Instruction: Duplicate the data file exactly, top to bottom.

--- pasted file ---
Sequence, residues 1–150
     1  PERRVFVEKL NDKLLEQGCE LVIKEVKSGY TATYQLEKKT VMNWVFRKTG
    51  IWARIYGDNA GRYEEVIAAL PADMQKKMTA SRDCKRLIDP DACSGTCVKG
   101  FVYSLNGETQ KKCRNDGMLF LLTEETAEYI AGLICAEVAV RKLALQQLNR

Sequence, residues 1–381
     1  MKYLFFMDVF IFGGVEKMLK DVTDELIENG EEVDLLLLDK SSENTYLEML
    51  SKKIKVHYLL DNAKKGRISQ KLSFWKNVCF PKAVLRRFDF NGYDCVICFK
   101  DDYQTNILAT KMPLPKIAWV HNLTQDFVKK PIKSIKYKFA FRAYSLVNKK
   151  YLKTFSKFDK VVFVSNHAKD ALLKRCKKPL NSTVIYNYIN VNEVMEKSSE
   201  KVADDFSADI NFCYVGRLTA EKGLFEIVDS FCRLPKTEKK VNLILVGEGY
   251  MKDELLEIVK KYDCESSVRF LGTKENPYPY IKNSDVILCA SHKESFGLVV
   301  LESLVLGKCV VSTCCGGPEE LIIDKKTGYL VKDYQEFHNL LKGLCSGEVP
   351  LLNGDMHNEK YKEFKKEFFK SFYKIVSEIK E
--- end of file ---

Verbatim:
Sequence, residues 1–150
     1  PERRVFVEKL NDKLLEQGCE LVIKEVKSGY TATYQLEKKT VMNWVFRKTG
    51  IWARIYGDNA GRYEEVIAAL PADMQKKMTA SRDCKRLIDP DACSGTCVKG
   101  FVYSLNGETQ KKCRNDGMLF LLTEETAEYI AGLICAEVAV RKLALQQLNR

Sequence, residues 1–381
     1  MKYLFFMDVF IFGGVEKMLK DVTDELIENG EEVDLLLLDK SSENTYLEML
    51  SKKIKVHYLL DNAKKGRISQ KLSFWKNVCF PKAVLRRFDF NGYDCVICFK
   101  DDYQTNILAT KMPLPKIAWV HNLTQDFVKK PIKSIKYKFA FRAYSLVNKK
   151  YLKTFSKFDK VVFVSNHAKD ALLKRCKKPL NSTVIYNYIN VNEVMEKSSE
   201  KVADDFSADI NFCYVGRLTA EKGLFEIVDS FCRLPKTEKK VNLILVGEGY
   251  MKDELLEIVK KYDCESSVRF LGTKENPYPY IKNSDVILCA SHKESFGLVV
   301  LESLVLGKCV VSTCCGGPEE LIIDKKTGYL VKDYQEFHNL LKGLCSGEVP
   351  LLNGDMHNEK YKEFKKEFFK SFYKIVSEIK E